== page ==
Syfte

    Syftet med studien är att presentera en kort svensk version av Psychosocial Safety Climate (PSC-4, Dollard, 2019) samt hur PSC-4 kan användas för att identifiera risknivåer i den organisatoriska och sociala arbetsmiljön.  

    Metod

    Studien är baserad på en enkätundersökning som genomfördes bland ett slumpmässigt urval av anställda i åldern 25–65 år (N = 2847) samt enkätdata från ett icke-slumpmässigt urval av 94 arbetsplatser (N = 3066). Som kriterier för utveckling av gränsvärden för PSC-4 risknivåer användes organisationers upplevda efterlevnad av arbetsmiljöföreskrifter.

    Resultat

    Resultaten visade att PSC-4 hade relevanta samband med andra arbetsmiljöfaktorer såsom kvantitativa krav, ledarskapskvalitet, engagemang i organisationen, arbetsengagemang, arbetstillfredsställelse samt stress och utbrändhet. Vidare framstår PSC-4 som en valid och användbar verktyg för att kunna identifiera risknivåer i relation till hur arbetsmiljöarbetet 2 praktiseras på svenska arbetsplatser. PSC-4 värden över 12 indikerar en god arbetsmiljöpraktik med låg risknivå, medan PSC-4 värden ≤ 8 indikerar bristande arbetsmiljöpraktik med hög risknivå. Värden mellan 12 och 8 indikerar otillräcklig arbetsmiljöpraktik med måttlig risknivå. Arbetsplatser med hög risk rekommenderas att sätta till åtgärder omedelbart, medan de med måttlig risknivå bör ge det systematiska arbetsmiljöarbete mer uppmärksamhet. Sammanfattningsvis, den svenska versionen av PSC4 kan betraktas som en valid och tillförlitlig instrument för både forskning och praktisk användning för riskbedömning på arbetsplatser.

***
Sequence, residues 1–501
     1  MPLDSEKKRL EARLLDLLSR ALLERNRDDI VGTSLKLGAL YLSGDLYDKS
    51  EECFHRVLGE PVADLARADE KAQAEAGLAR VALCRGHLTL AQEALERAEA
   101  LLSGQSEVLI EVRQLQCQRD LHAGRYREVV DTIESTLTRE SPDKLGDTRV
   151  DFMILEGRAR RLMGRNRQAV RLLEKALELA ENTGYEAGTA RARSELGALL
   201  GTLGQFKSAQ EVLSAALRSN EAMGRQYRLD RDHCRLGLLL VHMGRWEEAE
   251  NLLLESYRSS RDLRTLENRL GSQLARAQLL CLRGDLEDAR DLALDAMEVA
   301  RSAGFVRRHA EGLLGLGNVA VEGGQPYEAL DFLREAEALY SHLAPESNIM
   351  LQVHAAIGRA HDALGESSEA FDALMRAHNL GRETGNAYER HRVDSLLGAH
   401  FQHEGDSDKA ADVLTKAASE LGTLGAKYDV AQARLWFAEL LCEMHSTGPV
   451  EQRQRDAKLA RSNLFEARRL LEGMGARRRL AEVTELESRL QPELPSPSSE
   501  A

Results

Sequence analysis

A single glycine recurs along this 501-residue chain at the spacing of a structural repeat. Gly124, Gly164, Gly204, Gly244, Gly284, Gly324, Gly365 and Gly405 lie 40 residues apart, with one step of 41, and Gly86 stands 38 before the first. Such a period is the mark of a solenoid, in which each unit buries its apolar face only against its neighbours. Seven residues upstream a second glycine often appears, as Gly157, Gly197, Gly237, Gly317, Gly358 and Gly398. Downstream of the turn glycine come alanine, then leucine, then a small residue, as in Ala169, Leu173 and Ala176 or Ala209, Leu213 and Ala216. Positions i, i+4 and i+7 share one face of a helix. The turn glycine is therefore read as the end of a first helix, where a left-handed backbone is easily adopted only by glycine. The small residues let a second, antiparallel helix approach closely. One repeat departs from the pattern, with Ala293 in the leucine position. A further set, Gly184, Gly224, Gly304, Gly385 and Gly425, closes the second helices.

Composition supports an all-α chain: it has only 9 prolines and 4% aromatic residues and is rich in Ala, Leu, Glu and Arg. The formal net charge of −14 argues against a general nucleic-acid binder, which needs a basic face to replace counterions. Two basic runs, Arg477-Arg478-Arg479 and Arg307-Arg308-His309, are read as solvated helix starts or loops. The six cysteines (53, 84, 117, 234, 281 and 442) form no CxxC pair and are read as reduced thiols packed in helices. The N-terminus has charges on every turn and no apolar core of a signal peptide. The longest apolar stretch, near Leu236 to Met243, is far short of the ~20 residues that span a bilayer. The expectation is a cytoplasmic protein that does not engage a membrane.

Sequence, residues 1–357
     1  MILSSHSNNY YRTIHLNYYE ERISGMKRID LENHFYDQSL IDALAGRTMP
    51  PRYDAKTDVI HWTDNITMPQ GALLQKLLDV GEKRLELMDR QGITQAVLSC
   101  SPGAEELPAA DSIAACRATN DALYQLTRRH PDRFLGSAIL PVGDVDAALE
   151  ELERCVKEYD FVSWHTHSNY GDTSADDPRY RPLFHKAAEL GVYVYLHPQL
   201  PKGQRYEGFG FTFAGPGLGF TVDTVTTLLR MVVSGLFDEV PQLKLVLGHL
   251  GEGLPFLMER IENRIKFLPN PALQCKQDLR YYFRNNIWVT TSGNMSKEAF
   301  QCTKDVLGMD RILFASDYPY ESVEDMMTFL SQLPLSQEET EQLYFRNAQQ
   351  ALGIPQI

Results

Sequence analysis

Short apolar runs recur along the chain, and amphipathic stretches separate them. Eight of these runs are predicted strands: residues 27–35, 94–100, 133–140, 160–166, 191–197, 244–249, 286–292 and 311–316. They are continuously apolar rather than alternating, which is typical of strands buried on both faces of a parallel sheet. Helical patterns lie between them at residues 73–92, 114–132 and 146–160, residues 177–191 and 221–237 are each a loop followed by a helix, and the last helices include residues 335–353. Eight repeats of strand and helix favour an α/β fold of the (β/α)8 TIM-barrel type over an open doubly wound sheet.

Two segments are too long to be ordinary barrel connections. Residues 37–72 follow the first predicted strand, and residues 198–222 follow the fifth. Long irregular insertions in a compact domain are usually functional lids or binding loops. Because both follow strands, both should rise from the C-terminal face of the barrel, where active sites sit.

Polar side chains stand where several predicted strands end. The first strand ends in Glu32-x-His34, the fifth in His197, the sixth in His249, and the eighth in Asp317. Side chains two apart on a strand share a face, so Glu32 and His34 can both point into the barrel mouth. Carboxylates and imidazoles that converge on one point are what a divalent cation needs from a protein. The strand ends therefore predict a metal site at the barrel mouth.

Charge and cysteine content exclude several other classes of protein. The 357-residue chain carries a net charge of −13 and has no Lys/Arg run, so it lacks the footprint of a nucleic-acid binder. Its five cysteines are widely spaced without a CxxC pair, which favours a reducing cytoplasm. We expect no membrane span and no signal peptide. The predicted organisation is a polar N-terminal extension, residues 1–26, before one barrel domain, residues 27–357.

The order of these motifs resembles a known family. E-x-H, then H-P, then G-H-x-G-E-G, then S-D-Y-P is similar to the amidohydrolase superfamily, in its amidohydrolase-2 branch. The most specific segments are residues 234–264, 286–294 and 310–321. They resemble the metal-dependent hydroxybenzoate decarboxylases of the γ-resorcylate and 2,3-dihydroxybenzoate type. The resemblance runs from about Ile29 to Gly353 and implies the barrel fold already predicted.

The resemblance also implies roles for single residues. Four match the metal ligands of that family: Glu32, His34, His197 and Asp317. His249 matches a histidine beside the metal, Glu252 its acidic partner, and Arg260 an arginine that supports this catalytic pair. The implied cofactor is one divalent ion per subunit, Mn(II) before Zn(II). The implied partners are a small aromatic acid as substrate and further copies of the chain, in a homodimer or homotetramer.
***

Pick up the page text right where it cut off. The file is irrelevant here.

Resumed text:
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  • 10.
    Berthelsen, Hanne
    et al.
    Malmö University, Centre for Work Life and Evaluation Studies (CTA). Malmö University, Faculty of Odontology (OD).
    Muhonen, Tuija
    Malmö University, Centre for Work Life and Evaluation Studies (CTA). Malmö University, Faculty of Education and Society (LS), Department of School Development and Leadership (SOL).
    Bergström, Gunnar
    Centre for Musculoskeletal Research, Department of Occupational Health Sciences and Psychology, University of Gävle, 801 76 Gävle, Sweden; Unit of Intervention and Implementation Research for Worker Health, Institute of Environmental Medicine, Karolinska Institute, 171 77 Stockholm, Sweden.
    Westerlund, Hugo
    Department of Psychology, Stress Research Institute, Stockholm University, 106 91 Stockholm, Sweden.
    Dollard, Maureen F
    PSC Observatory, Centre for Workplace Excellence, Justice and Society, University of South Australia, Adelaide, SA 5001, Australia.
    Benchmarks for Evidence-Based Risk Assessment with the Swedish Version of the 4-Item Psychosocial Safety Climate Scale.2020In: International Journal of Environmental Research and Public Health, ISSN 1661-7827, E-ISSN 1660-4601, Vol. 17, no 22, article id E8675Article in journal (Refereed)
    Abstract [en]